Thursday, May 24, 2007

Urkobold Hungers

Haggis Recipe
courtesy Alton Brown (Urkobold's personal chef)

1 sheep stomach
1 sheep liver
1 sheep heart
1 sheep tongue
1/2 pound suet, minced
3 medium onions, minced
1/2 pound dry oats, toasted
1 teaspoon kosher salt
1/2 teaspoon ground black pepper
1 teaspoon dried ground herbs


Rinse the stomach thoroughly and soak overnight in cold salted water.
Rinse the liver, heart, and tongue. In a large pot of boiling, salted water, cook these parts over medium heat for 2 hours. Remove and mince. Remove any gristle or skin and discard.
In a large bowl, combine the minced liver, heart, tongue, suet, onions, and toasted oats. Season with salt, pepper, and dried herbs. Moisten with some of the cooking water so the mixture binds. Remove the stomach from the cold salted water and fill 2/3 with the mixture. Sew or tie the stomach closed. Use a turning fork to pierce the stomach several times. This will prevent the haggis from bursting.
In a large pot of boiling water, gently place the filled stomach, being careful not to splash. Cook over high heat for 3 hours.
Serve with mashed potatoes, if you serve it at all.
Copyright © 2006 Television Food Network, G.P., All Rights Reserved

33 comments:

VikingMoose said...

mmm. very awesome!

how are you with blood sausage?

Pro Libertate said...

With the haggis or separate?

VikingMoose said...

anytime.

You do know that haggis is the perfect meal for the URKOBOLD, cuz URKOBOLD uses the organs of his victims!

highnumber said...

I feel like I should register some sort of protest against this post, but I don't know what's really appropriate.

Ya know, I've never actually tried haggis, so forget it. I'll save my outrage for something else.

Pro Libertate said...

Well, here's your chance. Go gut a sheep, follow the recipe, and voilà! Good eats!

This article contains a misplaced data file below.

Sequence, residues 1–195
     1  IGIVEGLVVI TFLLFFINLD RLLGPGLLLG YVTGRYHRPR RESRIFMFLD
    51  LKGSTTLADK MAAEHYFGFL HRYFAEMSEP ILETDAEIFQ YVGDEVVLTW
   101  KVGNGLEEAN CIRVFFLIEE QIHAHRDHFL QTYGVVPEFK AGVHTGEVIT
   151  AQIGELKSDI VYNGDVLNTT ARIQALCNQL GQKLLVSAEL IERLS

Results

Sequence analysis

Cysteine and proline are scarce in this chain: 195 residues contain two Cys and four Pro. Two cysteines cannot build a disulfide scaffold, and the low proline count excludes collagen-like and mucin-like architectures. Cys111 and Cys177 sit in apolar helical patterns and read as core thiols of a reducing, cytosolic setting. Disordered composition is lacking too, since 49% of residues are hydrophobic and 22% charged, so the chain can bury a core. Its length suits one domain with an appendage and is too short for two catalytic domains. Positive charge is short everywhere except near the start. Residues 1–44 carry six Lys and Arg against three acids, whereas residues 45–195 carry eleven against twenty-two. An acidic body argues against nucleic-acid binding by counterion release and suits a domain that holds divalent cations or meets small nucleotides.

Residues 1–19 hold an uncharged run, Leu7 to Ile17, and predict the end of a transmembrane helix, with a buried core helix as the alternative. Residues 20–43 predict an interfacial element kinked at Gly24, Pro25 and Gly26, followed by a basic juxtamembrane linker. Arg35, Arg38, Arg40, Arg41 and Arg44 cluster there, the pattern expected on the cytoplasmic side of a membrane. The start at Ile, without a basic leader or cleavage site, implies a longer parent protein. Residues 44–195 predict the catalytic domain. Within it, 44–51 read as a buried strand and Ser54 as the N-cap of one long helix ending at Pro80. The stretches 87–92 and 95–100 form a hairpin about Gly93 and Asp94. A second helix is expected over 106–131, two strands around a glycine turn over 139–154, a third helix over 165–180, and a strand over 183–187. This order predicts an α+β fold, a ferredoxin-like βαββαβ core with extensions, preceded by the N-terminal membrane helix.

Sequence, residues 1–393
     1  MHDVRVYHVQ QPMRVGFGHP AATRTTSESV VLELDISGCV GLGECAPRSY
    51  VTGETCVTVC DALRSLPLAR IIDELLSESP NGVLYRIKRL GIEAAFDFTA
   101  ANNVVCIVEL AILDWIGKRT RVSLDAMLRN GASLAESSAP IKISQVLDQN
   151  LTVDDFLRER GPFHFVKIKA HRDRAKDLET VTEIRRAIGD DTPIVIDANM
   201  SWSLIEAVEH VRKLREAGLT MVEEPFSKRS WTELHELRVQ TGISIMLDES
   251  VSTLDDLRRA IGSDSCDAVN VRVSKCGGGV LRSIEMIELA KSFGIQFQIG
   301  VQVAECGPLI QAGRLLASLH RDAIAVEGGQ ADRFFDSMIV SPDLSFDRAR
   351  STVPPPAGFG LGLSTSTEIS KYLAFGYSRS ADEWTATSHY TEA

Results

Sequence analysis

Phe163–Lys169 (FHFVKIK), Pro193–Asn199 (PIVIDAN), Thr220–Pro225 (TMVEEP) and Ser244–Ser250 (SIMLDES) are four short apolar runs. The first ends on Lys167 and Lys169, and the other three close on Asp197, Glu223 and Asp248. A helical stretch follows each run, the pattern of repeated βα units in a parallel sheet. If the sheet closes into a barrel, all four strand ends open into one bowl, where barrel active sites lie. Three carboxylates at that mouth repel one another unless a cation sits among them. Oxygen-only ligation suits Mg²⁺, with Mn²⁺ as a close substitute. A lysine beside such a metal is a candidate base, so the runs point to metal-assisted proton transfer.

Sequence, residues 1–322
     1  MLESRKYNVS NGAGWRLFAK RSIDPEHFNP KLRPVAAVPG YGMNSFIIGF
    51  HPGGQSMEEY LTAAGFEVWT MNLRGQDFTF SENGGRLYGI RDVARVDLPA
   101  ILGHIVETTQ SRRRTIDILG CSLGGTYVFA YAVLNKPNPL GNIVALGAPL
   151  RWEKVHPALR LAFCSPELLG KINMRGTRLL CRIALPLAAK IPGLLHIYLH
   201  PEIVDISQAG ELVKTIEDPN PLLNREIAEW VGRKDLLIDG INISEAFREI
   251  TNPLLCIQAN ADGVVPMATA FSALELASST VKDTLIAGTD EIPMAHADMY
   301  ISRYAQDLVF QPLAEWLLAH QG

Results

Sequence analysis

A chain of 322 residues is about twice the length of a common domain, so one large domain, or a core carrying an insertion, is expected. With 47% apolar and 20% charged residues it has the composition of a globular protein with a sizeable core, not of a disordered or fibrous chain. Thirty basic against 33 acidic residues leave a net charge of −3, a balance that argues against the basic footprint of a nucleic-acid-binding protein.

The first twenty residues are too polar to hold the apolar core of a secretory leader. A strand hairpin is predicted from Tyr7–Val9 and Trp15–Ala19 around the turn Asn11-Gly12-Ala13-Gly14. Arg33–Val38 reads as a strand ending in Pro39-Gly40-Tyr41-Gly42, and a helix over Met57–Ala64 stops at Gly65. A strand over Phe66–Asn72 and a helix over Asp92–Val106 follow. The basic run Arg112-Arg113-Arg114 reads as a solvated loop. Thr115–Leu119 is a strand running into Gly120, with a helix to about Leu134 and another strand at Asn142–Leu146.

Grotius said...

Urkobold isn't real.

Anonymous said...

Urkobold isn't real.

Slay the blasphemer!

Grotius said...

Urkobold is a fantasy dreamt up to keep you lesser beings in order while philosophers like myself ponder mysteries of nature.

Anonymous said...

*covers ears(or eyes as it were)*

Slay heem!

Urkobold® Minion said...

AND WHAT MYSTERIES OF NATURE WOULD THOSE BE, MR. GROTIUS? YOUR MOTHER'S PROMISCUITY?!

Grotius said...

minion of the faux entity known as urkobold,

Oh, you know, contemplating permanent questions like free will.

jimmydageek said...

Yes, is it destiny or free will that will drive me to give you an ass kicking?

Ponder on that in the meantime!!

VikingMoose said...

Urkobold is a fantasy dreamt up to keep you lesser beings in order while philosophers like myself ponder mysteries of nature.

LOL! Terrific!

Grotius said...

jimmydageek,

The true philosopher - like myself - is a master of the physical arts of combat. So good luck. You'll need it. ;)

Pro Libertate said...

Grotius,

We don't believe in you, either. You failed the Turing Test :)

Grotius said...

pro libertate,

We philosophers like to keep it that way. When one of our number (Socrates) was killed by the unruly, uneducated mob we recognized the need stay in the misty shadows. So yeah, we perfer that the mob do not believe in us; for the sake of our physical safety if nothing else. ;)

Pro Libertate said...

Grotius,

Okay, we'll tell everyone that you're fictional.